Pierre: It’s been awesome. Jo’burg is weird. [laughs] The weather is weird and unfortunately we got rained out on Thursday night so we played, I think, three and a half songs and then the sound guy called it. We had to stop completely so that sucked.
You’re in studio now recording you album Epochs. It’s a DIY album. How’s the recording process going and when can we expect the release?
It’s going well, actually. We’ve tracked most of the sound. It’s been both good and bad because it’s on our own time. We are definitely now going to put a lot of effort into it. We are planning to launch hopefully end of May.
You’ve been recording in the Romeo Hotel Studios in Cape Town. What has that experience been like?
It’s very homey. It’s really our bassist’s place so we’re in their braai room so we just chill there and record. It’s lots of fun.
You’ve been on the local scene for quite a while and you’ve remained unsigned. Is that a conscious choice for you or is being signed a goal for the future?
That’s always the ideal. There’s always a lot of admin and stuff with labels. It’s actually sort of a good thing because we’ve been only finding our sound now. We‘ve gone through a lot of members and finally we’ve got a mix that really works so we’re working on writing awesome tunes and just getting our own vibe at the moment. We’ll be working hard the next few years.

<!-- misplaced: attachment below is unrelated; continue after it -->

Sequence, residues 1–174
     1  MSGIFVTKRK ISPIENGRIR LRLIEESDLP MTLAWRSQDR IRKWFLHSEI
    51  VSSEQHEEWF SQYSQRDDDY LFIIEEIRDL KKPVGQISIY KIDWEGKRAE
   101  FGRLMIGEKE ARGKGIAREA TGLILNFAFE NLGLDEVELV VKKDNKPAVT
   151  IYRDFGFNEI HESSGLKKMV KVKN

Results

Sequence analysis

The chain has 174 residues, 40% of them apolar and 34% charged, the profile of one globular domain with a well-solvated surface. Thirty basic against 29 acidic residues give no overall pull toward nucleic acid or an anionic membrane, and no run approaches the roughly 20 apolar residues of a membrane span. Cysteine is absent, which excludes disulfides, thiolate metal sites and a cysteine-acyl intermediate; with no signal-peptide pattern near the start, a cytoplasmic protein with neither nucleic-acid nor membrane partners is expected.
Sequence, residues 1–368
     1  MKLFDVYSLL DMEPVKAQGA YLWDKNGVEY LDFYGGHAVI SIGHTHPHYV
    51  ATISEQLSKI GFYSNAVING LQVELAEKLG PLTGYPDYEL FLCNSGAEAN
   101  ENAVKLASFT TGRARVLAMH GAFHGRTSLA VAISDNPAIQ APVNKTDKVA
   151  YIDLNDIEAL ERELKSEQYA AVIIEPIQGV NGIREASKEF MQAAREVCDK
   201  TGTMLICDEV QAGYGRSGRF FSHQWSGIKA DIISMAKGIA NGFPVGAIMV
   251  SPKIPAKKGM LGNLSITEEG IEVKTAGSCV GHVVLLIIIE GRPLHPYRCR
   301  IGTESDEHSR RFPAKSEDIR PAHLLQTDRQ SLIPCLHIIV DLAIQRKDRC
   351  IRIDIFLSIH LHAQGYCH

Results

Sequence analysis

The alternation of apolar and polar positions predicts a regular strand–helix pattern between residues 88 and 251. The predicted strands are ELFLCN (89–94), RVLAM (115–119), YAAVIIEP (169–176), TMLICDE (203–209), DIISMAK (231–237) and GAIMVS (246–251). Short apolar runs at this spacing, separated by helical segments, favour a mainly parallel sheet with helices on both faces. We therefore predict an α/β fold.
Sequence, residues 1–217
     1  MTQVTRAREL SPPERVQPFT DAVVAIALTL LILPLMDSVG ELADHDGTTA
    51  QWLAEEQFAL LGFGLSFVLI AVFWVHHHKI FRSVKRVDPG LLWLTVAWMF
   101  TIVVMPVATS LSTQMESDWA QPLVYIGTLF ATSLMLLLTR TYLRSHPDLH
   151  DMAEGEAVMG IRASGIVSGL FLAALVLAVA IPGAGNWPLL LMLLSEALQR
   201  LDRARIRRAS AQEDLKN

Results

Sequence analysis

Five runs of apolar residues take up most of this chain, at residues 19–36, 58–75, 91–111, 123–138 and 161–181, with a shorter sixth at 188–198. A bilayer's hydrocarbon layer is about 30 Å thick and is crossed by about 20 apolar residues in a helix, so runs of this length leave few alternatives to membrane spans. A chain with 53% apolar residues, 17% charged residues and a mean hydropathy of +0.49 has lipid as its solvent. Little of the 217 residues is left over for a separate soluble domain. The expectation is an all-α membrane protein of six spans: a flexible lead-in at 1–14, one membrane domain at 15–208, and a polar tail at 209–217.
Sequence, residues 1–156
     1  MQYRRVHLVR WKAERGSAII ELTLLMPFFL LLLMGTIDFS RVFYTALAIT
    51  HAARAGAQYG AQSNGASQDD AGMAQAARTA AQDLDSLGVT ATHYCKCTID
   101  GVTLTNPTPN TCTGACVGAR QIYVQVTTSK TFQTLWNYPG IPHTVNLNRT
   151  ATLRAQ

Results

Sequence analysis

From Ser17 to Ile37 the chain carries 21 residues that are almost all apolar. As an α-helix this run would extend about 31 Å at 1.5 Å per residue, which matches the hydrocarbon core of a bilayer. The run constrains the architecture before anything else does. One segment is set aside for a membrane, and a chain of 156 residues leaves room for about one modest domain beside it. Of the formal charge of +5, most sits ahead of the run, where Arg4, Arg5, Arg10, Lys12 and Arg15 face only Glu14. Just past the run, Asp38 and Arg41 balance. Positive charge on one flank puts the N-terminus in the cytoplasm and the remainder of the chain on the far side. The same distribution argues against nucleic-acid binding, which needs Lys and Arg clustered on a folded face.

Your website is very user-friendly. How important is it to you to have a strong online presence as a band in the current times?
That is very important. A lot of people actually argue that the way things are, your own website is not necessary because Facebook and Twitter is so huge but Facebook is getting so saturated with bands and spamming and free advertisements that people get so gatvol of it actually. So that’s why we aim to be very professional on the website and SoundCloud.
The footage for your video for your single “Passionate battle” was lost for four years and then found again. What’s the story behind the video?